We have described how TransE behaves in the previous section. Note that TransE does not efficiently learn the representations for 1-to-N relationships in a knowledge graph. This comes from how the scoring function is defined: suppose the existence of the triples (New York City, locatedIn, State of New York), (New York City, locatedIn, United States. Eventually, a scoring function consistent with , would make the entities State of New York and United States similar, since the elements and of the formula are fixed. Novel models in the translational group have been introduced to reduce the effect of this problem; we can cite in this category TransH [wang2014knowledge] and TransR [lin2015learning]. In general, translational models have the advantages of having a concise definition and getting good performances. In this same category, recent and relevant approaches are RotatE [sun2019rotate] and HAKE [zhang2019learning].
RESCAL [nickel2011three] is based on the factorization of the tensor (see Figure 2 and has a high expressive power due to the use of a full rank matrix for each relationship in the score function , where the interaction between the elements comes under the form of vector-matrix products. At the same time, the full rank matrix is prone to overfitting [zhang2019learning] and thus researchers that studied bilinear models have added some constraints on those representations. Indeed, DistMult [yang2014embedding] interprets the matrix as a diagonal matrix, not making difference between head entity and tail entity and thus forcing the modeling of symmetric relationships [kazemi2018simple, trouillon2019inductive]: , , that force symmetry even for anti-symmetric relationships (e.g., country, hypernym).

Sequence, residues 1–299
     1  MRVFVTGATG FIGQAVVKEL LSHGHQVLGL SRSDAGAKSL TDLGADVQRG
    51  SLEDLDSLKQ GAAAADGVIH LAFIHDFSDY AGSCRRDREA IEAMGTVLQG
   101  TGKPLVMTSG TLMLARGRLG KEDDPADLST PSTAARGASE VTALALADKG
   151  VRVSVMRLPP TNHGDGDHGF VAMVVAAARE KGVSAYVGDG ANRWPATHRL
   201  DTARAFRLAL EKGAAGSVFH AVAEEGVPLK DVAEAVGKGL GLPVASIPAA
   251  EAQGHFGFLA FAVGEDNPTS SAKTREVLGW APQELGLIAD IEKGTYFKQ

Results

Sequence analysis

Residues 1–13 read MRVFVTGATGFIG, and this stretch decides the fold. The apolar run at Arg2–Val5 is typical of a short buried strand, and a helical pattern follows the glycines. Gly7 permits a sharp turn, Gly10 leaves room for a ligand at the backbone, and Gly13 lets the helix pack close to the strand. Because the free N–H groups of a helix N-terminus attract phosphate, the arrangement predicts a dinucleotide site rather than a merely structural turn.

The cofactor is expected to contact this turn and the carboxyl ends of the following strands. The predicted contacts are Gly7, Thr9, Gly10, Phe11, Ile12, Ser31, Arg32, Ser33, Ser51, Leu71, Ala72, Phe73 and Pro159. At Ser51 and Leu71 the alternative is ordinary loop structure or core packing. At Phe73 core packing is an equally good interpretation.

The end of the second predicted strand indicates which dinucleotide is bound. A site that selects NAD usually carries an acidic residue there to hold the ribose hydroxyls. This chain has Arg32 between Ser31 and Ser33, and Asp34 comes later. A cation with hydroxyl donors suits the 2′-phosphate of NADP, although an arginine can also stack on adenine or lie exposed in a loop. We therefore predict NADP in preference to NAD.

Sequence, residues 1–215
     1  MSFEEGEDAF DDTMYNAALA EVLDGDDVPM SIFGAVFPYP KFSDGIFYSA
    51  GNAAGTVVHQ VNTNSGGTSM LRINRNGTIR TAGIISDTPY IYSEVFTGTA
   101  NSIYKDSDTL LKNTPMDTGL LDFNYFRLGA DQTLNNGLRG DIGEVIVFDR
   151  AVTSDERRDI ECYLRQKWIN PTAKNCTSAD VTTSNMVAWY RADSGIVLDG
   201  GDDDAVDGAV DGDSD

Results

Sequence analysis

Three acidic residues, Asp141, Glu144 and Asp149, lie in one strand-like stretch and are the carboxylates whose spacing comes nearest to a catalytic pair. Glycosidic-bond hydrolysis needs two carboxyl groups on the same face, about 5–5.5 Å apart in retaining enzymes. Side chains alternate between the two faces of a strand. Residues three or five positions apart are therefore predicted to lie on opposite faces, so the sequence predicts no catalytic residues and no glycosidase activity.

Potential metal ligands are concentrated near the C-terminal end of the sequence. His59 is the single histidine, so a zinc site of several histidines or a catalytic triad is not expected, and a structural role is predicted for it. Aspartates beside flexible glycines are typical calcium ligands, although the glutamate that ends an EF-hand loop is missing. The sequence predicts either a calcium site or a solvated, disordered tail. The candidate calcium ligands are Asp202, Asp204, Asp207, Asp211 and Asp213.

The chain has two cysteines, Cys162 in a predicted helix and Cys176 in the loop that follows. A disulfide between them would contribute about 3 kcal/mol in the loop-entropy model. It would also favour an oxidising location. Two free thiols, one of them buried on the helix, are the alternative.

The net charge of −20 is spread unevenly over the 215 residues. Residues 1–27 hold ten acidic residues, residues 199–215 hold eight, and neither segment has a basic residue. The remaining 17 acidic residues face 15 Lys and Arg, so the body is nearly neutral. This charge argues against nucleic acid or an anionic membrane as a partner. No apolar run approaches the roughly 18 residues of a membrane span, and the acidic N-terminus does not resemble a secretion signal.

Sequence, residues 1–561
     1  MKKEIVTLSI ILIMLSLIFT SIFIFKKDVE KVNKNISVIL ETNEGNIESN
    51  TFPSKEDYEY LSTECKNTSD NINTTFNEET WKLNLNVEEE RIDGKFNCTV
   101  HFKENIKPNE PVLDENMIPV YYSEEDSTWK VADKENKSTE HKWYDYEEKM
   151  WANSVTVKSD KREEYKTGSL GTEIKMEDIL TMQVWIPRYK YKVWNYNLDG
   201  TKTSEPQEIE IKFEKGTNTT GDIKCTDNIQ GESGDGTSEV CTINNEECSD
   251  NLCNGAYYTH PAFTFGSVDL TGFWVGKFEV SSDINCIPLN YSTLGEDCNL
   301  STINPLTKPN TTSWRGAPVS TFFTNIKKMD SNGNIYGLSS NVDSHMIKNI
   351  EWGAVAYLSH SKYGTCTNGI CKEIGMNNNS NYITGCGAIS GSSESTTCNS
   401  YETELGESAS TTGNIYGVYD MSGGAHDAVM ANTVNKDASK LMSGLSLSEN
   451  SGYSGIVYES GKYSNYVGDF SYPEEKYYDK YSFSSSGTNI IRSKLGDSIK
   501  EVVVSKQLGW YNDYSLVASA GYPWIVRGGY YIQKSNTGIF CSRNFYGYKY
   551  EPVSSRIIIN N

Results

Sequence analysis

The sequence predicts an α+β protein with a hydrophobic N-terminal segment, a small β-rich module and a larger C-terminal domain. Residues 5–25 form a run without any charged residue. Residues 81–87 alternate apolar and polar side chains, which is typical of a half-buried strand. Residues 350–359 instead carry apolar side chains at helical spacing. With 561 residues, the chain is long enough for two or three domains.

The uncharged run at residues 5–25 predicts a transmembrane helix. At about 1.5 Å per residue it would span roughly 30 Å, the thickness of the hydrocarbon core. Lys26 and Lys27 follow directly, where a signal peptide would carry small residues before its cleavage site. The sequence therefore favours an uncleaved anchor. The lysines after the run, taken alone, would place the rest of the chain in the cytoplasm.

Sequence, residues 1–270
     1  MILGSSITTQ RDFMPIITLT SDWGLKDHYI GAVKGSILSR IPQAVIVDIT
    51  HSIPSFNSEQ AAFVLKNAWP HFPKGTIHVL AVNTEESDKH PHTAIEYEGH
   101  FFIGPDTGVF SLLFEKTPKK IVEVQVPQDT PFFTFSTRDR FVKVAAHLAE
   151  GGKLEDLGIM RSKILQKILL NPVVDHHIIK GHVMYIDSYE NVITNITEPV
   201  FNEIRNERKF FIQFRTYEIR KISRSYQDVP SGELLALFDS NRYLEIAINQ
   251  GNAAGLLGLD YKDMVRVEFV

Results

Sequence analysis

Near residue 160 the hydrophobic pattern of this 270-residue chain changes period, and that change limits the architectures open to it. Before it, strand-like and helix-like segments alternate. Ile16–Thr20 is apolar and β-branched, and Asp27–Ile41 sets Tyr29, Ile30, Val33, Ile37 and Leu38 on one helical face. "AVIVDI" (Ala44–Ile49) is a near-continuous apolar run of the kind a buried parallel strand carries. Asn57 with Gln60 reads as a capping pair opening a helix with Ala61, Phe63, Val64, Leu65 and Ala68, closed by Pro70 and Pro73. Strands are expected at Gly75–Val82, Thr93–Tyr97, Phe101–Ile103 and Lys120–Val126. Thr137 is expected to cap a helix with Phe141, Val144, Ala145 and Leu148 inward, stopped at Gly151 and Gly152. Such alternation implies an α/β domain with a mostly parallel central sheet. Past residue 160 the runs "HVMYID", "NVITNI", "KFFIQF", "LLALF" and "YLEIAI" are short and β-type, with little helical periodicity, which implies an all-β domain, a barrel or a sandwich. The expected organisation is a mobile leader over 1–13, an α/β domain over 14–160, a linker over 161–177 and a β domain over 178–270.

At the same time DistMult was extended by ComplEx that models the vectors in a complex vector space to better account for anti-symmetric relationships. HolE [nickel2016holographic] uses circular correlation, a non commutative operation between vectors, that allows us to effectively surpass the problem that DistMult had. Note that it has been proved that HolE and ComplEx are isomorphic [hayashi-shimbo-2017-equivalence]. ANALOGY [liu2017analogical] is a model that extends the scoring function by considering analogical relationships that exist between entities given the relationships. In their paper [liu2017analogical], the authors have shown that DistMult, ComplEx and HolE are special cases of ANALOGY.
Another group with a lower number of proposed approaches consists of neural networks-based models; the Neural Tensor Network [socher2013reasoning] is an approach for knowledge graph embeddings that uses a score function that contains a tensor multiplication, that depends on the relationship, to relate entity embeddings, this type of operation provides some interesting reasoning capabilities and was also used in later approaches as a support for reasoning using neural networks in a neural-symbolic model [serafini2016logic]. Instead, ConvE [dettmers2018conve]